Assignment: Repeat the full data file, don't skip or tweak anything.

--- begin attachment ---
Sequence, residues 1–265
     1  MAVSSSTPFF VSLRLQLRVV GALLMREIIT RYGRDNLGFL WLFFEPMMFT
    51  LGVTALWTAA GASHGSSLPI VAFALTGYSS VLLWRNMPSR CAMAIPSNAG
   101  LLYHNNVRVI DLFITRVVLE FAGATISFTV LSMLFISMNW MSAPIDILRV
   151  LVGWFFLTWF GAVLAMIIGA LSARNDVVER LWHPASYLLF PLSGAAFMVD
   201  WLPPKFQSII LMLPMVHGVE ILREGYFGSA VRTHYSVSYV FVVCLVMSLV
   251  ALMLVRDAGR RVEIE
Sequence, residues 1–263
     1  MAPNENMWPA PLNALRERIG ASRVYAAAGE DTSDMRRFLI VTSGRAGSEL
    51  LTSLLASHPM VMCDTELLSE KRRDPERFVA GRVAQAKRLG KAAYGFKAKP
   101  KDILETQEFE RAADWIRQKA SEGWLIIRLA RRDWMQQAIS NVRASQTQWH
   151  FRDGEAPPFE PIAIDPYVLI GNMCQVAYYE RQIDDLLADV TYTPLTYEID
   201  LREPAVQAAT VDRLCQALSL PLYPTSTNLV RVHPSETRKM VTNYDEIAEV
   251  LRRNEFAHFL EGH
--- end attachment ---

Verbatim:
Sequence, residues 1–265
     1  MAVSSSTPFF VSLRLQLRVV GALLMREIIT RYGRDNLGFL WLFFEPMMFT
    51  LGVTALWTAA GASHGSSLPI VAFALTGYSS VLLWRNMPSR CAMAIPSNAG
   101  LLYHNNVRVI DLFITRVVLE FAGATISFTV LSMLFISMNW MSAPIDILRV
   151  LVGWFFLTWF GAVLAMIIGA LSARNDVVER LWHPASYLLF PLSGAAFMVD
   201  WLPPKFQSII LMLPMVHGVE ILREGYFGSA VRTHYSVSYV FVVCLVMSLV
   251  ALMLVRDAGR RVEIE
Sequence, residues 1–263
     1  MAPNENMWPA PLNALRERIG ASRVYAAAGE DTSDMRRFLI VTSGRAGSEL
    51  LTSLLASHPM VMCDTELLSE KRRDPERFVA GRVAQAKRLG KAAYGFKAKP
   101  KDILETQEFE RAADWIRQKA SEGWLIIRLA RRDWMQQAIS NVRASQTQWH
   151  FRDGEAPPFE PIAIDPYVLI GNMCQVAYYE RQIDDLLADV TYTPLTYEID
   201  LREPAVQAAT VDRLCQALSL PLYPTSTNLV RVHPSETRKM VTNYDEIAEV
   251  LRRNEFAHFL EGH